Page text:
Movie Project #17: Annie Hall [1977]

The 50 Movies Project is a personal “marathon” of mine. In June, I compiled a list of 50 movies that I felt I needed to see by the end of the year. Old, new, foreign, English — it doesn’t matter. These are all movies that I have heard a lot about and have been wanting to see for some time. This project gives me a way to stay focused on the goal.

Annie Hall [1977]

Annie Hall [1977]
Directors: Woody Allen
Genre: Comedy/Drama/Romance
Language: English
Country: USA

Why I Chose This:
Woody Allen has 40+ movies to his name, yet I have only seen a few of his most recent films. What better way to dig deeper into his filmography than to start with 1977’s Best Picture Oscar winner?

What It’s About:
Woody Allen stars as Alvy Singer, a neurotic comedian in New York City who struggles to maintain a relationship with his scatterbrained lover, Annie Hall (Diane Keaton). The movie follows the tumultuous relationship over the course of the 1970s.

What I Liked:
The New York setting. One thing I have noticed with Woody Allen movies is that the man knows how to make great use of cities. New York is the perfect backdrop for Alvy and Annie’s up-and-down relationship.

The breaking of the fourth wall. I loved how Alvy would randomly start talking to the camera to explain certain things happening on screen. I also enjoyed the random visual changes, such as the inexplicable transition to cartoon animation for a brief scene.

Annie Hall [1977]

Some truly classic lines.
“Hey, don’t knock masturbation. It’s sex with someone I love.”
“I don’t want to live in a city where the only cultural advantage is that you can make a right turn on a red light.”
“Honey, there’s a spider in your bathroom the size of a Buick.”

Brief cameos from Christopher Walken and Jeff Goldblum. Both guys are in blink-and-you’ll-miss-it roles, but both are amusing.

What I Didn’t Like:
Some of the rapid fire dialogue felt forced. This is a film that focuses heavily on talking, and rarely slows down enough to catch its breath. While I found myself laughing at some of Alvy’s wisecracks, there were just as many that fell flat.

Alvy Singer. Allen’s character’s full-of-himself shtick became grating as the movie progressed. He found a way to complain about EVERYTHING, with these quips only sometimes being amusing. He wasn’t as enjoyable as neurotic characters like, say, George Costanza on Seinfeld or Larry David on Curb Your Enthusiasm.

My Verdict:
It’s a bit startling to think that this beat out Star Wars for Best Picture (though I am not a huge fan of that either). I like Annie Hall, but I feel like the film lacks the same punch it had upon its initial release. The movie has obviously been influential — I had no idea this is where the aforementioned masturbation line came from — and I enjoyed it more than the recent Allen films I have seen, but it didn’t resonate with me in the way it seemingly has for others. Woody Allen sure has a distinct style, though, doesn’t he?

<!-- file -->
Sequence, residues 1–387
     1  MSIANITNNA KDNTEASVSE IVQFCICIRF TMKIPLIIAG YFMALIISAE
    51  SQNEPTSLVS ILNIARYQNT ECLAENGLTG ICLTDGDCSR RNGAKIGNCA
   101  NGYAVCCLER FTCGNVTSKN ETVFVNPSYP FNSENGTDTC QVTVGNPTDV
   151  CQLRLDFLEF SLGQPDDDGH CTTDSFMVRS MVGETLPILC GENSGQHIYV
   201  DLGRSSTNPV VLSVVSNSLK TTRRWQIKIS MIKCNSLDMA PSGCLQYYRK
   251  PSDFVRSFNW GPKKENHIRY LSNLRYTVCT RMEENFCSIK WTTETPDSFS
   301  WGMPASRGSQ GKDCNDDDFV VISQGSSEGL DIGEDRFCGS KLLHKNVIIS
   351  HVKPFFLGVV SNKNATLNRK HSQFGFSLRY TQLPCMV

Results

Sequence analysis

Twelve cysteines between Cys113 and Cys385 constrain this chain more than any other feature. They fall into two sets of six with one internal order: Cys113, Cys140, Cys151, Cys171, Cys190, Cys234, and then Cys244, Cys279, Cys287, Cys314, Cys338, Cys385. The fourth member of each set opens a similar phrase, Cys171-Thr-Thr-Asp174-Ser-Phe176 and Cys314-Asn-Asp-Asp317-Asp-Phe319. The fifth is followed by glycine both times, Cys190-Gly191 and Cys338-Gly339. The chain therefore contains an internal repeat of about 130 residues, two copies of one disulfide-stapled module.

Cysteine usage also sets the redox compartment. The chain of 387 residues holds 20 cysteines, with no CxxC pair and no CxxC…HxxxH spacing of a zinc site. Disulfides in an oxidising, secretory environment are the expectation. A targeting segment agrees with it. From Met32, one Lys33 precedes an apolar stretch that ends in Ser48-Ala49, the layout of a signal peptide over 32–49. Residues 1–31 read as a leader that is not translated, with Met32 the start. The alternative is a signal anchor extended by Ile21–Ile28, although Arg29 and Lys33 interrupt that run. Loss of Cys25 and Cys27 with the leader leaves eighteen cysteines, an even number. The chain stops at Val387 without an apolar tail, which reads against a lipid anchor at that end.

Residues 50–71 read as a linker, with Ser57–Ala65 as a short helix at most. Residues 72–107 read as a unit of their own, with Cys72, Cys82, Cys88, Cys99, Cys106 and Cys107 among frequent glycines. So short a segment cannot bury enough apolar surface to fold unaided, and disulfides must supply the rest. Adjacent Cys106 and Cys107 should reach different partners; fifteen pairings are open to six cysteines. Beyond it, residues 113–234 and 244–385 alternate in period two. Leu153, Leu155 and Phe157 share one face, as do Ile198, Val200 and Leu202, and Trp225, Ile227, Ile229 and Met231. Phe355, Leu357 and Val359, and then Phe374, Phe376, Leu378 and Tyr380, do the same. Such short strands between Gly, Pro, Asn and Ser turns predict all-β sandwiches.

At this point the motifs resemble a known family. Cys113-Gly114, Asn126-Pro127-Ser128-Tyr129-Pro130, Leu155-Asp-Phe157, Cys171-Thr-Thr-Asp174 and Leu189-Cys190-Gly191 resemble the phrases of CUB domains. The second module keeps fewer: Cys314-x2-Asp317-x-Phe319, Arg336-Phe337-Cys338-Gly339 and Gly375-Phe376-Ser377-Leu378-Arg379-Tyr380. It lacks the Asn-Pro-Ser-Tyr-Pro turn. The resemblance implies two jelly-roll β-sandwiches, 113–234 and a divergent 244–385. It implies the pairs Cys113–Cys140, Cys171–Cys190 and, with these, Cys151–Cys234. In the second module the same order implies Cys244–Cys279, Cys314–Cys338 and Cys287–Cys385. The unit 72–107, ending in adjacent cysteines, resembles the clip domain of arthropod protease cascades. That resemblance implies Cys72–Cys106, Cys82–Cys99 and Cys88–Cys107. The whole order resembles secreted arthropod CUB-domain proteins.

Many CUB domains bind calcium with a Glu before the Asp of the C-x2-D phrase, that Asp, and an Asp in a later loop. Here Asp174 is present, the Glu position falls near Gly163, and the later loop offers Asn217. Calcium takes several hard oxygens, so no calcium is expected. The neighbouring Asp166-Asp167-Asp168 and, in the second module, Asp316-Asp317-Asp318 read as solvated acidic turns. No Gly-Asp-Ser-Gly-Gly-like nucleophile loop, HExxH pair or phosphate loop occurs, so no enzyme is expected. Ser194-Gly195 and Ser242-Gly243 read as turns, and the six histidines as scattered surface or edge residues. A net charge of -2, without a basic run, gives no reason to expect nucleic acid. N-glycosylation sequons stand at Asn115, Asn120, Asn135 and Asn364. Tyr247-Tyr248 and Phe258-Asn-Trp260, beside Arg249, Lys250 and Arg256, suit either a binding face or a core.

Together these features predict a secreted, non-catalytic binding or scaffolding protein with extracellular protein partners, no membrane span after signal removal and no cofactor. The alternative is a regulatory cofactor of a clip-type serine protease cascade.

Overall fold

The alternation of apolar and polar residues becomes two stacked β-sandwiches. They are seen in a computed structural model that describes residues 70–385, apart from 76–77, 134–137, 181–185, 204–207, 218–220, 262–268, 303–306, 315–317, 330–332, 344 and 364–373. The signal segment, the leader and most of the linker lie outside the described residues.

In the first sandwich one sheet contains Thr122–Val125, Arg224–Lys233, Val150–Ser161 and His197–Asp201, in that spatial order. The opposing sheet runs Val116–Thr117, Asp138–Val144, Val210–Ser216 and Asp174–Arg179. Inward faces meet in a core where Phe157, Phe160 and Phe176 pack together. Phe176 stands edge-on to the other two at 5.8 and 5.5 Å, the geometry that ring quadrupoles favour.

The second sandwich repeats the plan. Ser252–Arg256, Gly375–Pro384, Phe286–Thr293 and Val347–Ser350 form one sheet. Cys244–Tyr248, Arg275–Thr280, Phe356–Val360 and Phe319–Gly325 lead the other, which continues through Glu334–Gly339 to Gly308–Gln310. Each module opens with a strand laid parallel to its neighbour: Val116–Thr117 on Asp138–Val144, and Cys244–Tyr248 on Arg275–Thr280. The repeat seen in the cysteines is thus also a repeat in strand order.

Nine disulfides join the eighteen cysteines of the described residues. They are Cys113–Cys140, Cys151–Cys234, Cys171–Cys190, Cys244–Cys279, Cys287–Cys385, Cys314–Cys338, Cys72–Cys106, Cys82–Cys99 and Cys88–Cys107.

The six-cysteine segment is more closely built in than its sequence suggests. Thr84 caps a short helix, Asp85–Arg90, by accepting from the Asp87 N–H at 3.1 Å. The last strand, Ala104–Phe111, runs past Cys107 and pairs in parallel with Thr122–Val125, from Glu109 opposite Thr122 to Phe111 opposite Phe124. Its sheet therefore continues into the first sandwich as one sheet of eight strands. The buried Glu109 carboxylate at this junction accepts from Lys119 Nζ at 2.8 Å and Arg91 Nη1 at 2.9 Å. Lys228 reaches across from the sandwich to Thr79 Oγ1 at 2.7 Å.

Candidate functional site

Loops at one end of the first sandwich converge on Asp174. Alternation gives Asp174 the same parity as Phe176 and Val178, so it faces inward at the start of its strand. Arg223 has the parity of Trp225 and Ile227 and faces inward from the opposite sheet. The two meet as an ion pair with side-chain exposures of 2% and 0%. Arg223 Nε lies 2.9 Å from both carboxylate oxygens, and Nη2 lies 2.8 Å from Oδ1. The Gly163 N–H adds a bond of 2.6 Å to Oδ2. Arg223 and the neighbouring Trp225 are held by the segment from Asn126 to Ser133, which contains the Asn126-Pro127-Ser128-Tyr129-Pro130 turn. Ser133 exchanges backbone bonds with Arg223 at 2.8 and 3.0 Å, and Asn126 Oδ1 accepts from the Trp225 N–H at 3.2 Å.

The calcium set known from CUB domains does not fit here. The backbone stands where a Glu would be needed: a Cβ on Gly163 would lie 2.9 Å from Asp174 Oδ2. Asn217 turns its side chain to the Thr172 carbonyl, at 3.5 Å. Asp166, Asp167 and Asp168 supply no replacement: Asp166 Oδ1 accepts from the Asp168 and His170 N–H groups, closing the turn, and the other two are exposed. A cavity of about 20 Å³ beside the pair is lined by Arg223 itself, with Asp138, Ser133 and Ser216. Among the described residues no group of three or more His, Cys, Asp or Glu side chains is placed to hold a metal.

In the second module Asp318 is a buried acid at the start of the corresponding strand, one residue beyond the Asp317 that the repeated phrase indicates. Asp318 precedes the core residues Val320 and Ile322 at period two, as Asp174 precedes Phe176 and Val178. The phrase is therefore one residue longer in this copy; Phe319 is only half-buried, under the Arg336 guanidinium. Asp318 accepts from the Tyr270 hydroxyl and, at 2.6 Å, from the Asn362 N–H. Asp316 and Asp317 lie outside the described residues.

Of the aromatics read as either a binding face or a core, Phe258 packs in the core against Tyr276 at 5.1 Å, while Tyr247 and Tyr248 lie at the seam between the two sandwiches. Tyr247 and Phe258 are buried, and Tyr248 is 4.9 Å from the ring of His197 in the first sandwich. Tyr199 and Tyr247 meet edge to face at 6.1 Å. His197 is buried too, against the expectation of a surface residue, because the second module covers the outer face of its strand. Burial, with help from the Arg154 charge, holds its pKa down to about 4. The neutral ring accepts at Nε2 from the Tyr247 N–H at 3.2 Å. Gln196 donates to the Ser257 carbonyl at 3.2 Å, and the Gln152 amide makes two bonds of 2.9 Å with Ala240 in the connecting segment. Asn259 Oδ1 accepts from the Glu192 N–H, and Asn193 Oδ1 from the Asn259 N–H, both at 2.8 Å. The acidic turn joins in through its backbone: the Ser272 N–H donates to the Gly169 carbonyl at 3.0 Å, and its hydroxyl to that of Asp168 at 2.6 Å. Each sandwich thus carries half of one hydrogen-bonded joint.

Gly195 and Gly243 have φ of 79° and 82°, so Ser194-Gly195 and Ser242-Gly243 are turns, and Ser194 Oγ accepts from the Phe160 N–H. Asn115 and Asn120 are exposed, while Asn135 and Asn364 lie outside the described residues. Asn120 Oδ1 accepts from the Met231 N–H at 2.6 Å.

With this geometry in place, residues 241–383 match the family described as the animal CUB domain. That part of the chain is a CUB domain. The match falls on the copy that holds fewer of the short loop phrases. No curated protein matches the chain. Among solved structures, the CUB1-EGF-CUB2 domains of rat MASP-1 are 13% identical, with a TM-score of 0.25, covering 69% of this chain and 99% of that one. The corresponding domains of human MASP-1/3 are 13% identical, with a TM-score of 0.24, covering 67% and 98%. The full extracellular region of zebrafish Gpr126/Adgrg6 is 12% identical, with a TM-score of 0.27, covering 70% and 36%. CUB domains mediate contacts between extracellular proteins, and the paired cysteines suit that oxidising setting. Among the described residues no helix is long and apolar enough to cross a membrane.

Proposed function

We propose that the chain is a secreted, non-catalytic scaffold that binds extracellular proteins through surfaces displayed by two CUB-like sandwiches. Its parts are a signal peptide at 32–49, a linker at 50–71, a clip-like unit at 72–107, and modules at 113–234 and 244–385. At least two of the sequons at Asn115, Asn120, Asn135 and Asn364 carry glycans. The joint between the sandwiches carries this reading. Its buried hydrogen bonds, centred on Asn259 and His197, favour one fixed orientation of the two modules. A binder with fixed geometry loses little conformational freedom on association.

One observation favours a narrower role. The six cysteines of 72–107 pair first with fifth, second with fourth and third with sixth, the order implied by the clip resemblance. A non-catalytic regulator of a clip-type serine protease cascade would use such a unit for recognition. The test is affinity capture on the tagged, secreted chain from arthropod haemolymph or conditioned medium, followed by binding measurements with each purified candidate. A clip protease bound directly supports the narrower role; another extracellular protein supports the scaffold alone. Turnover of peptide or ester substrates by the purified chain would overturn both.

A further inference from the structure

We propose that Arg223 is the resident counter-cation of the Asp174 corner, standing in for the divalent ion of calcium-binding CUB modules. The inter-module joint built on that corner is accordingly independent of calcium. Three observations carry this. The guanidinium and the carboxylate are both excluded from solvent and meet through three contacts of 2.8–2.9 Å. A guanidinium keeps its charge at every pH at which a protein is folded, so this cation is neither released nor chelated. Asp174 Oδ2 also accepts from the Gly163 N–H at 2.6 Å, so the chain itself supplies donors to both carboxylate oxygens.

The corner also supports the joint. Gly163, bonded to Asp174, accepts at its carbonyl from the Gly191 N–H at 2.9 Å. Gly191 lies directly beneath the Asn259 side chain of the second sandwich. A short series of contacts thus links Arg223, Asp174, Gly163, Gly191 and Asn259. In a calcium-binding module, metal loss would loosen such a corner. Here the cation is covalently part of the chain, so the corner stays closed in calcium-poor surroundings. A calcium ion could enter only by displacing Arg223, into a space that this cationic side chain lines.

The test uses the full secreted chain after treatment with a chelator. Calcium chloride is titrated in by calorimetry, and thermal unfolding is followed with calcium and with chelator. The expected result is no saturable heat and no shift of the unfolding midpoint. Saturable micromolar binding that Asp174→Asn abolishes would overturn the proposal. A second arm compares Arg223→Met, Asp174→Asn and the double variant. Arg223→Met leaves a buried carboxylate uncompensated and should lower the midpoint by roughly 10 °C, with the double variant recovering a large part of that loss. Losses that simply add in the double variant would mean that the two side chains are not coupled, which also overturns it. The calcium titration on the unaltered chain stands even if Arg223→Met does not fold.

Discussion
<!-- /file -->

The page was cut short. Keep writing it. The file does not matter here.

* I would love to hear your thoughts on this new “review” format. I will only be using it for Movie Project posts, but I feel it works better for some of these older titles. What do you think?

Movie Review: Eraserhead [1977]

Eraserhead [1977]

Eraserhead [1977]
Director: David Lynch
Genre: Drama/Fantasy/Horror
Language: English
Country: USA

Eraserhead is unlike any film I have ever seen. This surrealistic nightmare is David Lynch’s first directorial effort, and it also happens to be the first movie I have seen by him. The movie is about …well, that is very much open for debate. It’s hard to say what the purpose of the film is, but it follows around a pasty man with a big head of electrical-shocked hair while he is “on vacation.” Set in some sort of industrial wasteland, we go along with this man, Henry Spencer (Jack Nance), as he has dinner at his girlfriend’s house, deals with a constantly crying mutant baby, and enters some sort of bizarre dreamlike state full of baffling characters such as the singing and dancing blonde with grotesque cheeks (aka the Lady In The Radiator).

Dialogue is sparse; this is very much a work that dwells on its audio and visual landscapes. It is hard not to be impressed with Lynch’s technical prowess here, even as most will be baffled by what is transpiring on screen. This is a dark, often disturbing picture, that walks the line between sci-fi and horror. It is easy to see how this low-budget film has become a cult classic.

I would be performing a great disservice if I were to attempt to slap a rating to this film. I watched this earlier today, and I am still trying to wrap my head around what the hell I saw. I can safely say that I was vastly in awe as to what was happening on screen, even as the picture weaved slowly from scene to scene. Eraserhead is a sort of twisted, experimental mind-fuck that I will never forget.